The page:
The original recommendations on evidence-based treatment from the American Psychological Association (Chambless, 1995) began to be criticized as their definition of ESTs, i.e., Empirically Supported Treatments, was too focused on efficacy studies, namely RCTs. Furthermore, clinical expertise and patient choice (Sackett et al., 1996) had been ignored in the recommendations. There was also a devaluation of evidence other than that demonstrated through RCTs. The internationally respected psychotherapy researcher Rolf Sandell (2006) points out that there is now “extensive research showing the relatively greater importance for treatment outcomes of other factors (patient, therapist, treatment alliance, and other so-called common factors) than the treatment method itself” (26).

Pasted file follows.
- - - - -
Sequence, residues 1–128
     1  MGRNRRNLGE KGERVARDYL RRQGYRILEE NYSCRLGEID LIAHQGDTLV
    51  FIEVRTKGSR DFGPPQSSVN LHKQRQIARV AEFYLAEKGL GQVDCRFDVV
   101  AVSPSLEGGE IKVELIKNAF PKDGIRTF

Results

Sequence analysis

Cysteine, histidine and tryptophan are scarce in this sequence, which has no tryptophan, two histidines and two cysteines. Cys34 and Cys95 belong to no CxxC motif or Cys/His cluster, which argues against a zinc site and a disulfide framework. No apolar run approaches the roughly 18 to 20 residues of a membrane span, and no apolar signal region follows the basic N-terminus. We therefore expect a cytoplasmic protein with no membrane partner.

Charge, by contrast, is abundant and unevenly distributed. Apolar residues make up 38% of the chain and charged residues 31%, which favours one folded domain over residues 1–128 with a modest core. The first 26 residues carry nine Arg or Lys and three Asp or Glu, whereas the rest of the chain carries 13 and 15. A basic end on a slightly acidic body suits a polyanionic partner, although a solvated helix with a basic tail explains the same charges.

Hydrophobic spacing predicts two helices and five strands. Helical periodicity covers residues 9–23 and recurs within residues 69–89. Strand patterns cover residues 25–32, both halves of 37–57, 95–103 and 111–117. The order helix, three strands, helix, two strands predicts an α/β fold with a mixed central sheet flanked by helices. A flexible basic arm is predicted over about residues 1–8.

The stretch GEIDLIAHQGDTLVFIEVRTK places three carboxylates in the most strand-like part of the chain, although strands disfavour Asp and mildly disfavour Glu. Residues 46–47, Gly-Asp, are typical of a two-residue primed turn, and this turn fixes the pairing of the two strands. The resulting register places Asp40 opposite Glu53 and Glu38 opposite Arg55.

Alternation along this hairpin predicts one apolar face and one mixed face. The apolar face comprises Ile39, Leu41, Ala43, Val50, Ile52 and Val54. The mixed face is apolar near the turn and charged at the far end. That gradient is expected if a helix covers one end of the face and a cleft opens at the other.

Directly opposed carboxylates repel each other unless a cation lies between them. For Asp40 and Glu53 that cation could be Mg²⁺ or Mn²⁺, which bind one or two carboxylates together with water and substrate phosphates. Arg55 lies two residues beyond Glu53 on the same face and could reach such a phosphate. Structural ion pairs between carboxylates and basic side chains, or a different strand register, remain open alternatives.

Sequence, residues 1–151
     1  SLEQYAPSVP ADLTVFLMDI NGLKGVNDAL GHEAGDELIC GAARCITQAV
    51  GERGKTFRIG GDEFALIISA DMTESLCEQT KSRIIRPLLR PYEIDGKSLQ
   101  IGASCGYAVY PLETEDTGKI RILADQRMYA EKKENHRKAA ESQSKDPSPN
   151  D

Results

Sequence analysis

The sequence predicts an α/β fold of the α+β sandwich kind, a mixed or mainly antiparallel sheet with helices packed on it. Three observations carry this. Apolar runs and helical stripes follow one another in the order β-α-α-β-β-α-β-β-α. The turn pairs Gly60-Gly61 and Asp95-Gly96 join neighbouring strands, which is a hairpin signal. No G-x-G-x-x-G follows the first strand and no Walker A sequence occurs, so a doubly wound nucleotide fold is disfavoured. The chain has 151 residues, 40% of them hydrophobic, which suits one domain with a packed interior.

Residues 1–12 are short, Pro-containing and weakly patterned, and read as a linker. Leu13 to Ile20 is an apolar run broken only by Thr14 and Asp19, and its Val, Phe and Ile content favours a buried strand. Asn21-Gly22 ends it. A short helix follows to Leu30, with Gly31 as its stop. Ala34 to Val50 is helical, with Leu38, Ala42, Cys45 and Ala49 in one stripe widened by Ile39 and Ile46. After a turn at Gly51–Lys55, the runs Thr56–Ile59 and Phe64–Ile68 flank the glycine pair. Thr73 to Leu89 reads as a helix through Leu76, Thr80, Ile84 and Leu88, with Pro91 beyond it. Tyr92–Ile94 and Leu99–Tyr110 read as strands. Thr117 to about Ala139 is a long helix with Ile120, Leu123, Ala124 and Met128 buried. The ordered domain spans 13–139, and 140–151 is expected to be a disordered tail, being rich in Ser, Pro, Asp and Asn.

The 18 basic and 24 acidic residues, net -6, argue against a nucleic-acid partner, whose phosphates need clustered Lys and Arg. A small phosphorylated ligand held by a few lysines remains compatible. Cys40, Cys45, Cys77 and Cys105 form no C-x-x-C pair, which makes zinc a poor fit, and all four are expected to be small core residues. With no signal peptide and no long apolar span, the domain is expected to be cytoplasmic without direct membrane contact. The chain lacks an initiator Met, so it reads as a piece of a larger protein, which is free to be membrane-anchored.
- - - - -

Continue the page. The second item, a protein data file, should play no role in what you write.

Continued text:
Falk Leichsenring, another renowned therapy researcher, states: “After more than half a century of research, thousands of RCTs and millions of invested funds, the effect sizes of psychotherapies and pharmacotherapies for mental disorders are limited, suggesting a ceiling effect for treatment research as presently conducted” (Leichsenring et al., 2022)(133). Therefore, there has been an interest in the factors Sandell mentioned, i.e., that outcomes are not so much influenced by method (PDT, CBT, DBT, ACT, etc.) as by other variables such as patient, therapist, and their working alliance.